JUDY: Punch, you never felt before! Don’t give me this new age nonsense!

PUNCH: Oh, Judy, dear… Don’t talk to me about feeling. “Feeling” is all I do, Mon Cher. I feel every minute, every second. I feel as the stick rises, as the stick falls; I feel as the curtain opens and I am, henceforth, possessed by emotion. I feel it all. Without feeling, I would be an hollow, wooden poppet. But feeling gives me life, gives me reason, makes me burn.

JUDY: Then why do you want to stop?

punch: Because it’s getting old! Have you ever had the feeling that we’re just tools used to quench society’s silly desires? The same chapter in the same story; repeat again and again till old! What happens next, then? What happens when we’re all used up and empty? We’ll be dead, then. But why do we have to conform to this pattern? No, there are other options. (pause) Have you ever pondered what it would be like to break away?

judy: From our strings? Why, of course! With the drawing of each and every day, I wonder. As they pull me out from my coffin and twirl my strings over their wicked fingers, I wonder. It’s hope. It is all I have, Punch.

punch: Let’s do it, then! Break away. (slowly, waving hands in ‘enlightened’ fashion)  Start a new chapter.

judy: (EXASPERATEDLY) But how?

punch: (GRIMACING) That, my dear, is what I’ve been plotting during the recent week.

judy: You mustn’t tease me like this. If this is one of your silly plans to overthrow the Professor-

punch: That may come to play, but it’s definitely not the main focus this time. (pause) This plan is irrefutable. It’s an us-centered plan for an us-centered universe. Imagine, Judy! Imagine control-

judy: You mean freedom.

punch: No, control. Control over our story, over our play. Freedom to be.

judy: But how?

punch: By celebration. Judy, have you heard of the Twelfth Night?

judy: You cannot be referring to Shakespeare.

punch: No, not Shakespeare. I am talking about the Fifth of January, the eve of the Epiphany, formally also known as the Twelfth Night. On this day, the tables turn. Servants become Kings, and Masters slaves. That, my dear, is what I will create.

judy: With festive joy? I must say, Punch, I fail to understand what you’re saying.

punch: Society, dear Judy, have a space of physical and psychological darkness –a kind of hollow chamber in their hearts, if you will- that they seek to punctuate daily with words, with plays on words, with stories. This hollow chamber they call their “Id”, “The primeval self”- you could go on and on through the myriad maze of terms they devote to this and get lost (MIRTHFULLY). People- the dear creatures- thirst for us. They long to see me re-enact the scenes that go on in their heads. When I murder Baby, they smirk. When I murder you, they smile. When I kill the devil, they salivate with satisfaction. When we’re up there, they –in some secret part of their souls- worship us, Judy.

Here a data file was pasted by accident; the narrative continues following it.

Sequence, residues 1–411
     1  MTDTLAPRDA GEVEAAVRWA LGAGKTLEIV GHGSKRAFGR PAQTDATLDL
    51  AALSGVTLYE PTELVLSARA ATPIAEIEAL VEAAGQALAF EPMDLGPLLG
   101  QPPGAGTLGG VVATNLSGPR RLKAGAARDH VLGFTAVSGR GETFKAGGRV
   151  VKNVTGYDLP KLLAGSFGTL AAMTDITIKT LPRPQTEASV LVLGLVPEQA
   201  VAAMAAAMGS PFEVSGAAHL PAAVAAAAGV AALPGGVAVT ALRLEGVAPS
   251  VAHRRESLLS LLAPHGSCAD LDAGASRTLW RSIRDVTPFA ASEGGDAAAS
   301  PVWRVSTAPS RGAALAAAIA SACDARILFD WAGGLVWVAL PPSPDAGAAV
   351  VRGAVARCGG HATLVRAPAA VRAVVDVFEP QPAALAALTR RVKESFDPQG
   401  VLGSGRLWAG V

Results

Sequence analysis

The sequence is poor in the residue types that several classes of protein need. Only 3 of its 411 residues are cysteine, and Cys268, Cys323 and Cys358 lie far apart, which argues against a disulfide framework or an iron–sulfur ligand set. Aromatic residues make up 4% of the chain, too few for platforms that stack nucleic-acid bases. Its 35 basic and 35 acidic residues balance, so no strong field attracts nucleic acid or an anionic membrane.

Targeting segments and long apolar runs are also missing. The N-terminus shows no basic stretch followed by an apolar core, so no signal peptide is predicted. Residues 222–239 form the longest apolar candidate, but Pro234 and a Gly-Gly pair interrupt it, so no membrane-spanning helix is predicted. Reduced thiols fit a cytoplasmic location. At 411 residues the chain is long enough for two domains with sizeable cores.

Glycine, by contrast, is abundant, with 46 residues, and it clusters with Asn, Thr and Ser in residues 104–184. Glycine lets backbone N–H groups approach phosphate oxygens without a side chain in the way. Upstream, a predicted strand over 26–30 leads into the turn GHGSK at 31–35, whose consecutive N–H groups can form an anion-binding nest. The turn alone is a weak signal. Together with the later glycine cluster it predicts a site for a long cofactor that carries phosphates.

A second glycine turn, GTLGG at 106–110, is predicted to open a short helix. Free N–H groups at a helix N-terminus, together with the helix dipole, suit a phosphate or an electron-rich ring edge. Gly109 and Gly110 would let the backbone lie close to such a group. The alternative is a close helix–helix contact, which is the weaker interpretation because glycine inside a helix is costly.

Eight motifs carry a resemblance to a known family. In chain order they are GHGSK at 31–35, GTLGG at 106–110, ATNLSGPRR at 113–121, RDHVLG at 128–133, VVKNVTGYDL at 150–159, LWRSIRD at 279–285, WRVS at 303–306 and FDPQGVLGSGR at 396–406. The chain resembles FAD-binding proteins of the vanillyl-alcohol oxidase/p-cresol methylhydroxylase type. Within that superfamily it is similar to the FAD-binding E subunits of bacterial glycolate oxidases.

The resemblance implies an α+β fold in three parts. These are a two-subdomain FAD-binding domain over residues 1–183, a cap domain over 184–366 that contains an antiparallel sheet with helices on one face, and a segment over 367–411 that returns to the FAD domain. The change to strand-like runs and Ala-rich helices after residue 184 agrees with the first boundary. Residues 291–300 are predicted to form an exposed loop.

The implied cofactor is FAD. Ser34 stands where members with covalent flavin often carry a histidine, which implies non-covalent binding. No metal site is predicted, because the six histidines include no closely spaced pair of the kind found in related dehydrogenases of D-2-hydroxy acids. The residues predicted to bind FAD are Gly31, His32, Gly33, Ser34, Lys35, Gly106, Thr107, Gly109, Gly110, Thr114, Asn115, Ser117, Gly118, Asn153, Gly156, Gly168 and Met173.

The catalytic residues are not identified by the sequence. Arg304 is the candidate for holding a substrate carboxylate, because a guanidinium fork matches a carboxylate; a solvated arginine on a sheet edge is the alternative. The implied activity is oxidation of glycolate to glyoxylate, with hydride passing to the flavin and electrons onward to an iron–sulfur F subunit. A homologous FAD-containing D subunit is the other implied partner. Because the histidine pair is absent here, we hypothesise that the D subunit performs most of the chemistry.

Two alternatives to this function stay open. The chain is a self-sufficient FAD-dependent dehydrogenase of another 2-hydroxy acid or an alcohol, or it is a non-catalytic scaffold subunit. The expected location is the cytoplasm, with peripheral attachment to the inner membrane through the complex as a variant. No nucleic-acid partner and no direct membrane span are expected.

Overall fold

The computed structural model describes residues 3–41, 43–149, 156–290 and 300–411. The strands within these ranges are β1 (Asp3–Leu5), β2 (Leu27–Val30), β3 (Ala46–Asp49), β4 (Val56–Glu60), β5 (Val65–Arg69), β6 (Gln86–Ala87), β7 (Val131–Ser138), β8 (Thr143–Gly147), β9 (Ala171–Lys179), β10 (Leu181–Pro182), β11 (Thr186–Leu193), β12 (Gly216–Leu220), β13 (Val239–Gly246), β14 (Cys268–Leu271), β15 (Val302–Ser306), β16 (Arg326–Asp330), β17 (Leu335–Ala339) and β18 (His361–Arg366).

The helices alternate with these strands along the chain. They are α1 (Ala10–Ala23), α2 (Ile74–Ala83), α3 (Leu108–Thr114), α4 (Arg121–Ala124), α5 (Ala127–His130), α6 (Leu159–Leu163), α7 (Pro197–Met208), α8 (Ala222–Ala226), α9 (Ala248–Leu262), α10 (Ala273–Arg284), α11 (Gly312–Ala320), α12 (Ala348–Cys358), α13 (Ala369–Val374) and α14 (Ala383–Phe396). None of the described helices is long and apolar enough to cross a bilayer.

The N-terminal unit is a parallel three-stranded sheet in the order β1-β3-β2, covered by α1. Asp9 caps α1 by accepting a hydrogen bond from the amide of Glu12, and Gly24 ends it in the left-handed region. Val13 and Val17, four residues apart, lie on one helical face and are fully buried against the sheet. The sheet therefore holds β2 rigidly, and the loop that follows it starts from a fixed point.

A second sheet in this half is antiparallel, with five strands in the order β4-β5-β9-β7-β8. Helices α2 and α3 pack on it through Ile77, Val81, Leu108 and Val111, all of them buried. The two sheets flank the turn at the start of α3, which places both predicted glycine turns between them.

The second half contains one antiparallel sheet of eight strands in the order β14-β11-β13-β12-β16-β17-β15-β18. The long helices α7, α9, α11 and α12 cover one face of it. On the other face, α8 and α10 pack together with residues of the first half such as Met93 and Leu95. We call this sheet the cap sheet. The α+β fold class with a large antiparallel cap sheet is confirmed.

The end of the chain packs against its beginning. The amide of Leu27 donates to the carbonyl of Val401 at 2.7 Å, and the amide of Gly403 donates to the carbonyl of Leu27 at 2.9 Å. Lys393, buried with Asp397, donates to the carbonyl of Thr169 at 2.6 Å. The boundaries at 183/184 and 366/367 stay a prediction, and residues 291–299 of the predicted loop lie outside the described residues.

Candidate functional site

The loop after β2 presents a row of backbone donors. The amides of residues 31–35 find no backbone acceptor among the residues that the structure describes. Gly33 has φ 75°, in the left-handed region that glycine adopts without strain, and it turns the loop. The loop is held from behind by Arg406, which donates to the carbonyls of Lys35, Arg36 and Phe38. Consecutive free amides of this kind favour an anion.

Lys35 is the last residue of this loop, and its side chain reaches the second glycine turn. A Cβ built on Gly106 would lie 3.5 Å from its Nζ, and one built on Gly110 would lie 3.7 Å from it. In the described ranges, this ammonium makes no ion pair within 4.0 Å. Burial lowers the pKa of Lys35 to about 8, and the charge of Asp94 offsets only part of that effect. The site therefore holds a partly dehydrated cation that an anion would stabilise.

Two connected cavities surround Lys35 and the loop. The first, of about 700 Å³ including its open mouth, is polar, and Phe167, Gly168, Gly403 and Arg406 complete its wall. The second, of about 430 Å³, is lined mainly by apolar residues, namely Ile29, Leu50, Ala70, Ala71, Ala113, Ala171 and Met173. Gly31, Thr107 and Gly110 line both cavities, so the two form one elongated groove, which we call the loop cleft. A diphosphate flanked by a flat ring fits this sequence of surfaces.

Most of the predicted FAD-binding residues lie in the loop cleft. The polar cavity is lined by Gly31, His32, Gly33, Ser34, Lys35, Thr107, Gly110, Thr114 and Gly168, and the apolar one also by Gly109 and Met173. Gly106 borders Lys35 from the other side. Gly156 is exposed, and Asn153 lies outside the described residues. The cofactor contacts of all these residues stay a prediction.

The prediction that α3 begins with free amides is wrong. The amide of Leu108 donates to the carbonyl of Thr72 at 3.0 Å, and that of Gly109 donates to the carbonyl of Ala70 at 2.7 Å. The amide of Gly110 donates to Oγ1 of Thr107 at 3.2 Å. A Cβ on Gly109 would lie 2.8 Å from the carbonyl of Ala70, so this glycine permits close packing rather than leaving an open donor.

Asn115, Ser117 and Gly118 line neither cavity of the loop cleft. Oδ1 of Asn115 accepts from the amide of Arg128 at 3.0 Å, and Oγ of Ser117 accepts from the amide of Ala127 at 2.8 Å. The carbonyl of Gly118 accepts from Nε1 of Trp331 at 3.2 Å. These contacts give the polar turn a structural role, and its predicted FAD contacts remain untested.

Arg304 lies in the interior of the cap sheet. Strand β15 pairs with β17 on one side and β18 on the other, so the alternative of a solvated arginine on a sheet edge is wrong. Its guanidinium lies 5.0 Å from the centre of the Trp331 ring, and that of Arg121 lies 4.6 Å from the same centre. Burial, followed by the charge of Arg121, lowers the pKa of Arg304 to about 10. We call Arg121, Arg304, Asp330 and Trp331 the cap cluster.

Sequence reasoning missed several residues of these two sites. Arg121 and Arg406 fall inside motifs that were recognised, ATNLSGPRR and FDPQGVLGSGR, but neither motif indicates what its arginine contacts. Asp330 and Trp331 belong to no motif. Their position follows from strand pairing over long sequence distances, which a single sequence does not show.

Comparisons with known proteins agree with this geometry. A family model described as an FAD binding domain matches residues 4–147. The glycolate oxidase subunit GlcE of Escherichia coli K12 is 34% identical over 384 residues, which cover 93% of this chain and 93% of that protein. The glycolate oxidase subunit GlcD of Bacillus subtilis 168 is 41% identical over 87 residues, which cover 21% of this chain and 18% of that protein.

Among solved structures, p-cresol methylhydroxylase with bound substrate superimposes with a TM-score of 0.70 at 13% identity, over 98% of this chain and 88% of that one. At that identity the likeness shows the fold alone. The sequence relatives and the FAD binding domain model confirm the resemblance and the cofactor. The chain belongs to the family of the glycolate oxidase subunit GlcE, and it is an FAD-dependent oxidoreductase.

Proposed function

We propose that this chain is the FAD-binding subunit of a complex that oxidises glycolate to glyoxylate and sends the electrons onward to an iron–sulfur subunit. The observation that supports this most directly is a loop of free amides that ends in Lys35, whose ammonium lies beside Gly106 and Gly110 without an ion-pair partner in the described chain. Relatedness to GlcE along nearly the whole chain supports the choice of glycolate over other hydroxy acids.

(pause for a few seconds. judy punctuates the silence) 


judy: I- I have seen it in their eyes. There is a sparkling of fire, lit from the fuse of our act. Each time I get beaten, it lights up. Like an altar, they burn. Oh, they burn. It’s what keeps me from falling limp as a rag doll like the others.

punch: (SMILING) You finally understand, don’t you?

judy: Yes, oh yes… But how do we turn the tables by celebration?

punch: On Twelfth Night when the bonfires are afire and the celebrations ensue, we will commence our most devastatingly charming performance. The curtain will rise, and we will swallow our lines –the ones created for us- and make our own story. We’ll begin with a once-upon-a-time and end with a happily-ever-after, my Judy. Let’s make ourselves fairy-tale of epic proportions. Be my darling wife, and I’ll be your beloved husband and doting father to dear Baby. Celebrate marital happiness. Celebrate life with all of its bitter bits. Together, we’ll turn the tables and they- not understanding what had befallen them- will break into the pieces.

judy: (SLOWLY, AWESTRUCK) Happiness. That is the ingredient they cannot comprehend. Happiness, joy, and love. They seek it all their lives, and we’ll give it to them! The play of their lives reversed and played backwards like the devil’s tape. Oh, Punch! They’ll fall back, confused.

punch: Indeed, they will. We will be the couple perfect in form, manner and appearance. Oh, Judy, we will have the strings of existence.


(Punch reaches a hand to Judy’s casket. Judy takes it.)


punch: (IN PUNCH’S STAGE PERSONA) Huzzah! Huzzah! The devil will be dead!


(Punch looks at Judy, smiling. Judy returns the smile. Lights fade out)













ACT  1 SCENE 2

(The Baudelaires’ Living Room.

Charles has just come home. Maria is in a fit, never having gotten used to Charles’ sudden disappearances. )


maria: Again! Again! Where were you? Disappearing like a devil, feeding upon the shadows of the night. What are you up to now that keeps you to the morning? No, do not answer me. I do not want to know. Our problems have multiplied right enough. I do not need the air to be pregnant with our troubles…

edward: (SOFTLY, YET WITH SUCH PRECISION ALL IN THE ROOM HEAR HIM) The neighbours may hear.